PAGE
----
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Symbols Matter

One of the highlights of the Jewish calendar is the Rosh Hashana seder, where it is customary to eat some fun symbolic foods.

Dip the apple in the honey is a timeless classic with an iconic song for a sweet new year, and every community has countless others with puns and wordplay in every language, from bananas, beans, beets, dates, and fish; to leeks, pomegranates, pumpkins, and sometimes a whole lamb head.

What turns the simple food into a time-honored tradition is the small ritual or prayer that accompanies it: apples are sweet, so we wish for a sweet year. Pomegranates are full of seeds, so we wish to be full of good deeds. The head is where the brain is, so we pray to be leaders, not followers. French-speaking communities eat a banana – which they pronounce like “Bonne Année,” the French greeting for “Happy New Year.”

This all sounds like good-natured, light-hearted fun, and it is.

But it’s more than that too.

Our sages affirmed that symbolism matters – סימנא מלתא.

Symbolism plays an essential role in human culture. Through symbols, we find meaning in the physical world, which becomes transparent and reveals the transcendent. Certain symbols are cultural universals, primal archetypes intuitively understood that derive from the unconscious and require no explanation, like mother and child or light and darkness.

History doesn’t repeat itself, but it often rhymes – our ancestors’ history foreshadows and symbolizes a possible future  – מעשה אבות סימן לבנים.

R’ Shlomo Farhi explains that these symbols are meant to bring our thoughts and aspirations into the world of action. We dip the apple in the honey and sing and smile, but it actually functions as a placeholder for a universal blessing for a sweet new year.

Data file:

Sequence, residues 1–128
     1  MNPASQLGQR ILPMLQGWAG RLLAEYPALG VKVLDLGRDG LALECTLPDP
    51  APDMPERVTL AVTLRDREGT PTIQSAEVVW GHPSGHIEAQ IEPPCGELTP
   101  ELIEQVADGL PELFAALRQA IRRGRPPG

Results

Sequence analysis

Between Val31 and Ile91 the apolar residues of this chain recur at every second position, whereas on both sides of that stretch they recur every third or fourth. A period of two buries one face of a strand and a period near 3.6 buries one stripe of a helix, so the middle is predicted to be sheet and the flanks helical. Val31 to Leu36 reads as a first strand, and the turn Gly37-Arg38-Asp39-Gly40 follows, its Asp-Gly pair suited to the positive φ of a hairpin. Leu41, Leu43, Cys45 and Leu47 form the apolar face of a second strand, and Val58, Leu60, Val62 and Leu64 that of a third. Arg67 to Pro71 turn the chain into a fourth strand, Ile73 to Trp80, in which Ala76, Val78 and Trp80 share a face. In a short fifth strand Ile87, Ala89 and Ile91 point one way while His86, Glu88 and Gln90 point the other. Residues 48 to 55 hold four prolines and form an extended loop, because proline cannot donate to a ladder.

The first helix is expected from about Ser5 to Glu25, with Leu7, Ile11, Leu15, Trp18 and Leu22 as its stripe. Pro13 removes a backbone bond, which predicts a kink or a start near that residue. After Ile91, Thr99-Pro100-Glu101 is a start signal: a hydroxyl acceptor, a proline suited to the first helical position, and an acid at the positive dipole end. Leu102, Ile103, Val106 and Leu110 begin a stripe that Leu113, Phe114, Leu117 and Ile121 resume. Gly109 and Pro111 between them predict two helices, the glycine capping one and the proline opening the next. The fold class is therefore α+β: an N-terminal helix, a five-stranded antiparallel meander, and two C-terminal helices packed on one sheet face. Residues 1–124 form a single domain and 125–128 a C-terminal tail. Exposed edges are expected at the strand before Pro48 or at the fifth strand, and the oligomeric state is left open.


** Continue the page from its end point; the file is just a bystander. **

When Israel’s prophets would warn the Jews of impending exile, they wouldn’t just talk about doom. They would also incorporate a symbolic visual representation of some kind, offering an experience of the prophecy through action and primary experience rather than mere words alone. When Jeremiah told of the burdens that lay ahead, he wore a cattle yoke; When Isaiah spoke about the people’s exposure and vulnerability, he walked around nearly naked. When Ezekiel spoke of the dirty and poor nutrition the Jewish People would experience, he baked a kind of inferior bread over human excrement. The action was not just an eccentric restatement of the message; it was a crucial part of their duty to warn.

These symbols initiate action in the external world, starting the process of realizing our thoughts, wishes, hopes, and dreams.

The apple and honey are staples at every Rosh Hashana table, accompanied by a prayer that the year ahead be good but also sweet. Because not everything sweet is good, and not everything good is sweet – תְּחַדֵּשׁ עָלֵינוּ שָׁנָה טוֹבָה וּמְתוּקָה.

Pomegranates are the next most popular symbol; they’re full of seeds, so we wish to be full of good deeds and merits. It’s not a request for artificial inflation; it’s a request for more opportunities to grow our merits, that they compound and mature like a well-managed investment portfolio.

Although probably not the most appetizing of symbols, some communities eat a small piece of a fish head or lamb head, with a wish to be among the heads and not the tails – שֶׁנִּהְיֶה לְרֹאשׁ וְלֹא לְזָנָב.

When looking at an animal, it may seem like the head and tail are the same, just a body length apart.

R’ Shlomo Farhi suggests that, actually, although the tail can occupy the same physical space as the head, it can never occupy the same conceptual space because the head leads, and the tail only ever follows.

While we can’t control all the circumstances, variables, and people that are part of our lives, we always get to choose and exercise our free will. While we can’t choose to be happy, healthy, or successful, we can choose to take steps towards making those things more possible and likely.

In other words, all we can choose is what we choose.

If choices define you, and you are a passenger to someone else’s preferences, you are functionally their tail; floating with the current is not the same as swimming.

R’ Shimshon Pinkus explained it as a wish for a year that is intentional – לראש; with a forward state of becoming, with constant course corrections – שנהיה; because if your actions today are based on yesterday’s decisions, you end up being your own tail!

Symbols matter.

There is a good reason that these symbols are profoundly beloved and universally accepted in every Jewish home.

These symbols initiate action in the external world, starting the process of realizing our thoughts, wishes, hopes, and dreams.

Make sure you’re doing all you can to make them come true.